David 1805
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David Dumbreck was born 10th November 1805 at Kincardine O'Neil Aberdeenshire. His father was Thomas Dumbreck and mother Elizabeth Sutherland.

David Dumbreck married Elizabeth Campbell Gibson on the 27th February 1844 in Edinburgh and had a son Sutherland Dumbreck born 1845.

David, born in Aberdeen 1805, became a medical doctor in Edinburgh in 1830 and joined the Army Medical Service. He was in the Crimea, became Inspector General of the Medical Services 1864, honorary physician to the Queen 1865, K.C.B. (Knight Commander of the Bath) 1871.

He died at Florence on the 24th January 1876. By his wife Elizabeth Campbell Gibson of Leith, (married 27th February 1844), he had an only son SUTHERLAND born 1845.

From the Crimea Doctors
(text supplied by Robin Dumbreck)

Liverpool University Press
A History of the British Medical Services in the Crimean War
By John Shepherd

Mentions of Surgeon David Dumbreck

Page 38/39

On Feb 28th  1854  David Dumbreck were dispatch from England together with two other medical officers to report on the medical service needs in the Crimea area.

They reported in late April of the same year.

David Dumbreck was allocated the Turco-Danubian Provinces of Servia Bulgaria etc a considerable commitment. He not only surveyed the climatic conditions and diseases in this area but also gave detailed accounts of the inhabitants, the communications and the food resources. Such an investigation does not seem to have been undertaken with equal care by the military staff.  David reported on the treacherous changes in climate which were to prove so detrimental to the health of the army, and recommended alternative uniforms for cold or hot climates.  He recognised the risk of malarial fevers in the swampy low-lying areas and the incidence of dysenteric diseases (which he attributed largely to the filthy conditions in which most of the inhabitants lived).  For the treatment of the intermittent fevers he recommended the lavish use of quinine.  For the prevention of fevers in general, he advocated flannel jackets and drawers for the soldiers and prophylactic quinine in the spirit ration.  He advanced strong opinions concerning the necessity for the strictest hygiene in camps and for the filtration of water supplies.  He drew attention to the lack of tables in the furnishing of Turkish dwellings and advised that each regiment should carry a portable operating table.

Page 40

Of the three reports David’s was the most practical.  Summaries were sent to every medical officer in the expeditionary force.  The War office rejected the proposals when put to them by Andrew Smith the chief medical officer of the army.

Page 41

David Dumbreck did not come back to England, but remained in Turkey and was asked to approach Raglan with the same views. The only effect of this was that more blankets were dispatched.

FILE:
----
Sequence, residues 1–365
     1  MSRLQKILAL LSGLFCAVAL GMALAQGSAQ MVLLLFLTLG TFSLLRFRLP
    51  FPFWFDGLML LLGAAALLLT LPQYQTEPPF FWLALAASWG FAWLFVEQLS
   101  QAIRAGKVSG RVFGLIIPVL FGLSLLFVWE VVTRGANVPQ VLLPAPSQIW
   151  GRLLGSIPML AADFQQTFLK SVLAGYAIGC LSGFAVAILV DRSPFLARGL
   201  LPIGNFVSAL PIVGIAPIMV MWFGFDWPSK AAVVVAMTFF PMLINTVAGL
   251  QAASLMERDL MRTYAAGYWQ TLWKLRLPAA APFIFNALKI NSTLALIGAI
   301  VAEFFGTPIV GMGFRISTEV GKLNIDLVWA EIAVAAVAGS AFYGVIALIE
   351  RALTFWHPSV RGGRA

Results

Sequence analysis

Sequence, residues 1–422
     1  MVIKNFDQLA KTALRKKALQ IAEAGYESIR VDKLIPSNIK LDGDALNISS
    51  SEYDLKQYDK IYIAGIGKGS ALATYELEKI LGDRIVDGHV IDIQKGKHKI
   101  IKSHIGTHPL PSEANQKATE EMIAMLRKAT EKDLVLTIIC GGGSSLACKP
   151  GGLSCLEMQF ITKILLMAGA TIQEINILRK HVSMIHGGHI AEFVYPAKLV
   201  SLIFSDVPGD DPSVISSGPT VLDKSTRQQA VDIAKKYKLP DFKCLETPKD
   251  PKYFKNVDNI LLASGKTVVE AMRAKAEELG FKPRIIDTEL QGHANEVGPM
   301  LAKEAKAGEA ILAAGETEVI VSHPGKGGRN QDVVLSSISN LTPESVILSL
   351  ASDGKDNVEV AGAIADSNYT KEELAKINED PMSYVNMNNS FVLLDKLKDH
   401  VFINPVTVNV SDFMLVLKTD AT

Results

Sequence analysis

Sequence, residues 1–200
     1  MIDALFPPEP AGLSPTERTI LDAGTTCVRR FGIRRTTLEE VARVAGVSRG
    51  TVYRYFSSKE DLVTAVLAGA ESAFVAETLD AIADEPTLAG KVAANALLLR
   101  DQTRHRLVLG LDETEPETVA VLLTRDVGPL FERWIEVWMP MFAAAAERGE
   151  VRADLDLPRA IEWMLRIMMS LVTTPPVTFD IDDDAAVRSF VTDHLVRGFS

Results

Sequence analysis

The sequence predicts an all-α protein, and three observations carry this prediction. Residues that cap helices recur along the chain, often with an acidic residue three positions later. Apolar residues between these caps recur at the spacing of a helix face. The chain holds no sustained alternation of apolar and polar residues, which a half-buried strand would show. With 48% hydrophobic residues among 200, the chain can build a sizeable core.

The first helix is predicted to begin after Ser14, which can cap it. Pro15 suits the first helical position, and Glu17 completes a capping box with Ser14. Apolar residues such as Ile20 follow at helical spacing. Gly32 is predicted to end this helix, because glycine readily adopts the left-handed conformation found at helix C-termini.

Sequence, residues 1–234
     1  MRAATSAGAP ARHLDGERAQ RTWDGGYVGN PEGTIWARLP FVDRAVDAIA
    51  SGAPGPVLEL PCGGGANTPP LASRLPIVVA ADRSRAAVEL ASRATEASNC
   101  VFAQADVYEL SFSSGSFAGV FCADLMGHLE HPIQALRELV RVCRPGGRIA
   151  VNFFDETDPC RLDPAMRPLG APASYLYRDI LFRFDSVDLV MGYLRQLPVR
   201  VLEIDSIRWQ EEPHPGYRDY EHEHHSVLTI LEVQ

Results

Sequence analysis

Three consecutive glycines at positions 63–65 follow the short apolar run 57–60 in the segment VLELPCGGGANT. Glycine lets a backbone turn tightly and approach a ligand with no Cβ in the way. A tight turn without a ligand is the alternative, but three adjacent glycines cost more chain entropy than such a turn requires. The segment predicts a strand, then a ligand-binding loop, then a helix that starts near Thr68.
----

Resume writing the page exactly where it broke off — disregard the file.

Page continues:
Page 64

David was on April 24th the senior medical officer at Scutari reporting to the Director General – “Everything is at present in confusion, but the medical officers work well and are bearing much discomfort with very great humour” Most of the supplies required for this hospital were dispatched to Gallipoli in error as a result of mislabelling.

Page 69 notes 13

David Dumbreck (1805 –1876); joined as hospital assistant in 1825; LRCS Edinburgh 1825; assistant surgeon 1826; MD Edinburgh 1830; DIG March 1854; served in the East March - November 1854; I G 1859; retired 1860; KGB 1871.  Obituary misquoted that he had earned the VC.

Page 76/77

July 1854

David was sent into Burgaria to assess the army camp arrangements but arrived too late with the vanguard and returned to Scutari.

David had at once opened a general hospital in Varna in a long-disused Turkish barracks which was shared with the French.  The building was scarcely habitable, with rotting floorboards and leaking roofs.  The French with a well-organised Hospital Corps, succeeded in repairing and cleaning their half of the hospital.  It was with great difficulty that David recruited even the most meagre help for this task.  When Hall arrived on the scene he wrote; “The building is one square of an old Barrack, (only) part of which David Dumbreck has only been able to get clean and made in some way fit for the reception of sick, owing to the small number of sappers out here, and the lukewarmness of the authorities on the subject.  The place is literally alive with fleas, and quite uninhabitable until white washed.  Spoke to Lord Raglan on the Subject”.

Page 87

As predicted by David Dumbreck the numbers of cholera and other fevers continued to rise between June and August 1854. No quinine was used as a matter of course.

Page 117

General Hall arrived in the Crimea on 17th September 1854.  Accompanying him was David Dumbreck, who had returned from Scutari shortly before embarkation.

Page 130

David Dumbreck had reported that the operating tables would be needed was rejected by Hall who said that the surgeons should improvise such luxuries. This was at the time of the battle of Alma (first in the campaign).

Page 159

October – December 1854